Published On: Mon, Sep 7th, 2015

BACKYARD BIRDING IN MERIDA, YUCATAN AND BEYOND – A FELLA ROPED ME INTO IT: WILSON’S PHALAROPE, PART 1

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Cherie Pittillo, “nature inspired,” zoologist, photographer, and author, explores nature everywhere she goes. She’s identified 56 bird species in her Merida, Yucatan backyard view. Her column, published on the 7th and 21st of each month, features anecdotes about birding in Merida, Yucatan and beyond. Contact: all4birdies@gmail.com  All rights reserved, ©Cherie Pittillo

 

Just before I received a Facebook video from friend, Victor Hugo Lizama Morales, I finished my column for this week. Well, I thought I did.  His video showed the whirling, twirling feeding dance in shallow water of the Wilson’s Phalarope, a transient and winter resident bird species migrating from as far south as Chile and Argentina on its way to North American prairies to breed. He urged me to see them at Kai Lu um Park, formerly CRIT. Link to directions to Kai Lu um (CRIT): http://www.theyucatantimes.com/2012/11/backyard-birding-in-merida-and-beyond/ He saw a couple in Ria Lagartos a few days ago, but he spotted ten phalaropes this afternoon at Kai Lu um, which is in Merida’s backyard. This Mayan name means “fish pond” but the sign states it as “song of the earth.”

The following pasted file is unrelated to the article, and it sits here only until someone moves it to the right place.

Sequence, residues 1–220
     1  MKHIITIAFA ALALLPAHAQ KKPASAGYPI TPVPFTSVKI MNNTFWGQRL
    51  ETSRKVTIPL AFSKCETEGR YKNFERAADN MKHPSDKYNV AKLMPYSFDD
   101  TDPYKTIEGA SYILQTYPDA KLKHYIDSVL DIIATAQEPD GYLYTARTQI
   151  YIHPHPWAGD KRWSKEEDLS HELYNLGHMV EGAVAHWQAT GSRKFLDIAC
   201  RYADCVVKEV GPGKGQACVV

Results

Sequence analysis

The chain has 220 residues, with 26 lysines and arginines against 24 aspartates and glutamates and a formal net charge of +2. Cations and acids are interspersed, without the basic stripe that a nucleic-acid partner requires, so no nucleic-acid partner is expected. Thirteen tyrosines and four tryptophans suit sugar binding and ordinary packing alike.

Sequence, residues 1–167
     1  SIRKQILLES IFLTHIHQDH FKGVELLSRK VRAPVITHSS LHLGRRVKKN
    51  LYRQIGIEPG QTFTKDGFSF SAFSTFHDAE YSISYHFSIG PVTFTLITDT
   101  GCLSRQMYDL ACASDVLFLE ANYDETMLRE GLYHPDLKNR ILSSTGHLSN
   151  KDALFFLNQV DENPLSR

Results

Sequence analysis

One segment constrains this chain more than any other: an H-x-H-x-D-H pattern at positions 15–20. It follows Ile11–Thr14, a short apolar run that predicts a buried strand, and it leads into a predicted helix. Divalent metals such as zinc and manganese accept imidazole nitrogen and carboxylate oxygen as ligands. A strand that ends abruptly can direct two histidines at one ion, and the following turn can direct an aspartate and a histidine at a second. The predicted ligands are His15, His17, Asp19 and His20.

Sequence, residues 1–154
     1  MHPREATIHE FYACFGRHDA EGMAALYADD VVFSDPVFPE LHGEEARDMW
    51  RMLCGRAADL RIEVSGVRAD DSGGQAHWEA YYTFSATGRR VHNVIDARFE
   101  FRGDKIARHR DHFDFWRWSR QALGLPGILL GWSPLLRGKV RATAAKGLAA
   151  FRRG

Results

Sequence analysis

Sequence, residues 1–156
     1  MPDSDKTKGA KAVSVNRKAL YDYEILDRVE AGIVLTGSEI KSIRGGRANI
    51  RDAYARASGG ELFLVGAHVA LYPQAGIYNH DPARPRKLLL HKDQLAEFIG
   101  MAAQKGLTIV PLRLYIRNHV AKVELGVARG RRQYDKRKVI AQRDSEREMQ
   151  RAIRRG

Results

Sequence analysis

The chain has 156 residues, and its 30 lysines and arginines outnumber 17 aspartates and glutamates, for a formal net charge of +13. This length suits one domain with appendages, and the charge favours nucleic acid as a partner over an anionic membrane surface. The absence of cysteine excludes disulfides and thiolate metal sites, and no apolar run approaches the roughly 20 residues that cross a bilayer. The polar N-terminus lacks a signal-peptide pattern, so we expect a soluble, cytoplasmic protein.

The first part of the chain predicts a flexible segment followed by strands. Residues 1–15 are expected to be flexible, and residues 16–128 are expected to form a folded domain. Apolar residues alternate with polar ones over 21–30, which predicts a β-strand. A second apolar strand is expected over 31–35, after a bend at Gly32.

And I went late afternoon to listen…

First, Mother Nature graced me with jade, bronze, and silver shimmering on the water’s surface. In the midst of her watercolor painting, two Wilson’s Phalaropes flew out from shore. Others floated back to it.

Flight of adult Wilson's Phalarope

Flight of adult Wilson’s Phalarope

Flight of female Wilson's Phalarope from back

Flight of female Wilson’s Phalarope from back

Wilson's Phalarope swims near shore

Wilson’s Phalarope swims near shore

Curves

Curves

Later she changed her palette to azure, copper, russet, spring and olive greens as an adult phalarope walked near shore.

Water Colors

Water Colors

While another phalarope circled round and round, Mother Nature accented its spins with sapphire, silver, and maroon.

Red, white, and blue

Red, white, and blue

Then an audience of Black-bellied Whistling-Ducks relaxed as a phalarope skirted by.

Female Wilson's Phalarope walks in front of two resting Black-bellied Whistling-Ducks

Female Wilson’s Phalarope walks in front of two resting Black-bellied Whistling-Ducks

I felt such awe as I looked through my camera’s viewfinder to see these amazing reflections AND a new species for me at the same time. Incredible colors, terrific light, no disturbance by me or my camera. My heart overflowed with joy and gratitude. So now I attempt to share my wellspring of happiness with these artistic images. (I only cropped the photos with no enhancement on any reflections.)

Next column, I’ll reveal details about the role reversal of the female phalarope.

GO EXPLORE OUTDOORS, BE QUIET FOR A BIT WITHOUT CELL PHONES, AND LISTEN TO EARTH’S SONG.

Mexico Travel Care

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